The New Year is a time for many people to reflect and reset their goals/priorities. These resolutions are something we think about right before the ball drops but maybe not something we hold ourselves to throughout the year.

If you find yourself forgetting about your list of resolutions, try setting short-term goals throughout the year instead. As you think about your goals, I hope you also think about putting your “mental health as a priority this year and the years to come.

The great part about the New Year is that it brings a sense of a fresh start. At times, a new beginning is just what we need to reflect, consider our growth, and develop for the future. So, let us make this year one where you focus on “what is going inside you” rather than “what is happening around you”.

Here are some of my tips to help you refocus on what your heart and mind are saying.

1. Try to understand what you want and what will make you feel good.

At times, this concept can mean saying no to some people and that’s okay. Learn to “say no”. If your friends want to go out and you don’t really feel up to it – “say no”. “Say no” to the experiences that makes you feel uncomfortable…it is okay. I feel like society raises us to “say yes” to everything- that it is a good trait if someone is always willing. But this year, stop. Stop trying to please others and instead please yourself. You’ll know if you really want to do something and you’ll know if you really want something. Do things for yourself and because you want it.

2. Seek help.

Talk to a trusted friend or even a professional. I’ve learned that seeking help is nothing to be ashamed of. We all need to vent out our frustrations and worries, and sometimes we may need a professional to help us as well. We are human; we succeed better through helping each other, leaning on one another, and asking for help. Your mind can’t always take what goes on inside it…and talking it out with someone you trust will always help relieve some of the burden, and maybe even give you the push you need. Seek help so you can strengthen your heart and mind. You are never alone in this world, and there will always be someone willing to listen to your troubles.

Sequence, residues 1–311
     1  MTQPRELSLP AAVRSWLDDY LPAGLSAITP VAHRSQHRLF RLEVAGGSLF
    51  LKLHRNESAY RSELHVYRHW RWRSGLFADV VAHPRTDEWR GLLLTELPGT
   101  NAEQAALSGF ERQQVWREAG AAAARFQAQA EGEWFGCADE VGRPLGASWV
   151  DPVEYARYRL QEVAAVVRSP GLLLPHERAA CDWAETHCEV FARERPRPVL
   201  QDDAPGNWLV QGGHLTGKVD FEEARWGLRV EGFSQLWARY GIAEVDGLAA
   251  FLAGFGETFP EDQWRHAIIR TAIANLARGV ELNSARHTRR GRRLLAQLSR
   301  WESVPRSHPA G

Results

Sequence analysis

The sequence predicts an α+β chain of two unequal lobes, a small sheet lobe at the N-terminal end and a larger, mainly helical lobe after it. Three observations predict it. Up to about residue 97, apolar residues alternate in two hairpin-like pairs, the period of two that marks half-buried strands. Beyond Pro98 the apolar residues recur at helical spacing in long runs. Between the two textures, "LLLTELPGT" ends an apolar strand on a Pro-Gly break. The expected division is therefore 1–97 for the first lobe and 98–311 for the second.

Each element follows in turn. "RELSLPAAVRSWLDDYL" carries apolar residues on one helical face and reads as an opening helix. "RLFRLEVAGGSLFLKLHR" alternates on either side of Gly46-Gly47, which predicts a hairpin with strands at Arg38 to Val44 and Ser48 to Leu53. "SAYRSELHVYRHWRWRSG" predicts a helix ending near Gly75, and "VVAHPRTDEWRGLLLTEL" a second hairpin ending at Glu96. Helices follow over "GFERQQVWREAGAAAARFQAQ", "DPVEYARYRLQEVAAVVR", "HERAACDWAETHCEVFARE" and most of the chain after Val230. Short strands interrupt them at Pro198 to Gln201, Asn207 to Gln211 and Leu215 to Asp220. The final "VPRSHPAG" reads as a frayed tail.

3. Remind yourself of what you have.

My good friend told me about this tip while I was a struggling student trying to figure out my future. Sometimes, when we feel like the universe is against us, we forget how blessed and fortunate we really are. When you start feeling overwhelmed and anxious I recommend this tip. Take a step back, breathe, and list the things you have. It can be the smallest thing to you but something other people don’t have the privilege of having. To put it bluntly: perspective is everything.

Here are some examples: • I have friends who love me and want to see me succeed • I have a roof over my head • I have food on the table • I have a family • I have people who depend on me • I am healthy • I have an education • I have a job • I have my community • I am breathing

Looking at it, it may seem a bit silly listing all the things you do have. But I found that whenever my anxiety was kicking in, listing what I have would help ground me. I’d say my list aloud and I’d say it without any hesitation. Make your statements strong and believe in the good that they carry.

Overall, I hope this year treats you well. I hope it is filled with good experiences that will help you grow and people who want to see you succeed. I hope you find a lightness in your life that the previous year didn’t have. Remember to be kind to yourself and think about your well-being.

All the best,

Michele Datu

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Michele Datu
Michele is a content writer for The Wellness Institute (Wellness-Spring). She graduated from UC Berkeley in the Spring of 2018, and holds a bachelor's degree in English. While attending UC Berkeley, Michele created a project titled: "From a letter to" which is a collection of stories and photos to express her love and passion for writing and photography. Michele believes that incorporating holistic habits in one's lifestyle is important. During her first year in college, Michele took a health class about alternative medicine and holistic health. This class opened her mind because it focused on the importance of listening to our body. She learned that even though medication and drugs can minimize pain, physically or mentally, sometimes the problem has a deeper root that needs special attention.